KY Policy Blog

Kentucky Response to COVID-19: Inadequate Rainy Day Fund Heightens Need for Federal Aid and More State Revenue

By Jason Bailey
March 13, 2020

States set aside rainy day funds to draw on when economic downturns or crises hit. Governor Beshear may well need to tap the state’s rainy day fund to deal with the costs of directly addressing the COVID-19 pandemic, which he has the authority to do after declaring a State of Emergency.

But Kentucky has among the most depleted rainy day funds in the country, with only enough money for the equivalent of 4 days of state budget needs (and 10 days by the summer, after additional dollars are scheduled to read more

Kentucky Response to COVID-19: Protect State Economy Through Improved Unemployment Insurance

By Dustin Pugel
March 12, 2020

The COVID-19 pandemic has sparked concerns about an economic slowdown resulting from widespread shutdowns in the global economy, and recent cancellations of large events in the United States. Continued economic chilling will almost certainly lead to layoffs in Kentucky, and so to plan for that, lawmakers in Frankfort and Washington DC need to prepare our unemployment insurance (UI) program to dampen the economic harm caused by rising joblessness.

Federal improvements to UI are needed, but state action is required

The Families First Coronavirus Response Act being considered in Congress would read more

Three Steps to Passing a Better Budget for Kentucky

By Pam Thomas
March 12, 2020

The budget passed by the House mostly avoids another round of damaging cuts to programs and services that have been common since the Great Recession (with a few important exceptions, like the elimination of direct aid to libraries). However, because it is based on the worst revenue forecast in 25 years and is not accompanied by significant revenue raisers, there simply isn’t enough revenue to support the level of investment necessary to move the commonwealth forward.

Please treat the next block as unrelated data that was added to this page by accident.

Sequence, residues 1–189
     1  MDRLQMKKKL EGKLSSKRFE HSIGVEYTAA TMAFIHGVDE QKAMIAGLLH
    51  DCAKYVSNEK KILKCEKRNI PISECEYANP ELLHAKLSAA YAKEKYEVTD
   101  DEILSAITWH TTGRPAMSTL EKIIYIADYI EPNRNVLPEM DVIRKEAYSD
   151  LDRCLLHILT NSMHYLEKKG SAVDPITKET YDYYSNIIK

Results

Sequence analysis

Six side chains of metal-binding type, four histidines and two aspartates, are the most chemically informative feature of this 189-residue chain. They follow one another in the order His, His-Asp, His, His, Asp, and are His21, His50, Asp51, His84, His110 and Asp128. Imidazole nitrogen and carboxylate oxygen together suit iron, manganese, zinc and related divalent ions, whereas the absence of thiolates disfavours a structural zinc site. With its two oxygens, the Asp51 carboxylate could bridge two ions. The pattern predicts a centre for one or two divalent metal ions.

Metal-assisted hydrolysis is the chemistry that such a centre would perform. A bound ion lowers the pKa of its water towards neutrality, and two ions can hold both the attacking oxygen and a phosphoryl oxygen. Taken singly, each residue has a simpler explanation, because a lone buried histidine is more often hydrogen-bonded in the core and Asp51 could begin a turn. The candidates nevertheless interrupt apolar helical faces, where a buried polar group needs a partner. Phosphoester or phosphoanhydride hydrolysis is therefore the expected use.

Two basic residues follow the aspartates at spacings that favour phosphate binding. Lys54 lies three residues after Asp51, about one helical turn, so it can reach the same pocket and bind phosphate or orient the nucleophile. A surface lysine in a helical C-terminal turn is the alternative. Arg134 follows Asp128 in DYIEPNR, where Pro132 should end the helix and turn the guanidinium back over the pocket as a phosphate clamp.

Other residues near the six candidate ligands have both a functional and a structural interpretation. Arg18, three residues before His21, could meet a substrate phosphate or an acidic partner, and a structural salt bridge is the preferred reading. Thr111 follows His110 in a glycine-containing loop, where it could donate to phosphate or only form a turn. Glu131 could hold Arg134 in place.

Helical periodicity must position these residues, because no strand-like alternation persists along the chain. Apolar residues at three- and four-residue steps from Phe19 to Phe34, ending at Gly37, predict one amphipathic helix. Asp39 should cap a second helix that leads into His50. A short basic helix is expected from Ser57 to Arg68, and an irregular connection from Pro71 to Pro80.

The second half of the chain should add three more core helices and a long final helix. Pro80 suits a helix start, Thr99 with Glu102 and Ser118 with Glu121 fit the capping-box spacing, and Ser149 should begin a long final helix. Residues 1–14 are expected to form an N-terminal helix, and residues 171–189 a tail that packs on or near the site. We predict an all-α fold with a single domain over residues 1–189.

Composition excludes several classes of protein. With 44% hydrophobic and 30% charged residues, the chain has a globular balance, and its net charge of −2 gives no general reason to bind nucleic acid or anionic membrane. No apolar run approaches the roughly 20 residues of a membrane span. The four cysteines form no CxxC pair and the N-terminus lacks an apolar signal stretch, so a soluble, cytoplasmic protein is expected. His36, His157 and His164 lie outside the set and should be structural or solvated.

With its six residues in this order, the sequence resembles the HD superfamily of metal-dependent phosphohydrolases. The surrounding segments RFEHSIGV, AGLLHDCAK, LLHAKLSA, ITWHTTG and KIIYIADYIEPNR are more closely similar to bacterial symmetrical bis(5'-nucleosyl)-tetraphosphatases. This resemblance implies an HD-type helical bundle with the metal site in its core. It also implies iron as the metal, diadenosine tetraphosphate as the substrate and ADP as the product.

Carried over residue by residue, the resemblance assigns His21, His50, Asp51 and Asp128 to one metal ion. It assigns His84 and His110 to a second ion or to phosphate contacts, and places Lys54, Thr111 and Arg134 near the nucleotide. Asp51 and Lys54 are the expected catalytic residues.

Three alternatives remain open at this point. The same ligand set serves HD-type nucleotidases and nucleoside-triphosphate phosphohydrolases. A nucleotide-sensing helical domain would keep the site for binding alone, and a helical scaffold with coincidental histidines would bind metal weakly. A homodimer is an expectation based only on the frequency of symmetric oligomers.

Furthermore, there will likely be additional fiscal strain in Kentucky related to the quickly read more

A Move from Local Occupational Taxes to Sales Taxes Would Be a Regressive Tax Shift

By Jason Bailey
March 10, 2020

Some proponents of HB 475, a constitutional amendment to expand revenue options for local governments, say it will result in localities moving away from occupational taxes and towards sales taxes at the local level. Doing so would be a harmful tax shift that will worsen the upside-down nature of Kentucky’s tax system. Low- and middle-income Kentuckians would pay more in overall taxes while higher-income people would receive a tax cut.

The impact in each community would vary based on what choices are made locally. But analysis by the Institute on read more

HB 21 Would Protect Kentuckians with Preexisting Conditions If ACA Protections Lost

By Dustin Pugel
March 10, 2020

Nearly 1.8 million Kentuckians have a preexisting health condition that, if it were not for specific protections in the Affordable Care Act (ACA), could lead to them being denied coverage, having certain kinds of medical benefits withheld or having their cost-sharing portion increased. Now, with the ACA in jeopardy due to a federal court case, House Bill 21 (HB 21) sponsored by Rep. Patti Minter would ensure that should those federal protections in the ACA be struck down, Kentucky would keep some of the most important protections on the state read more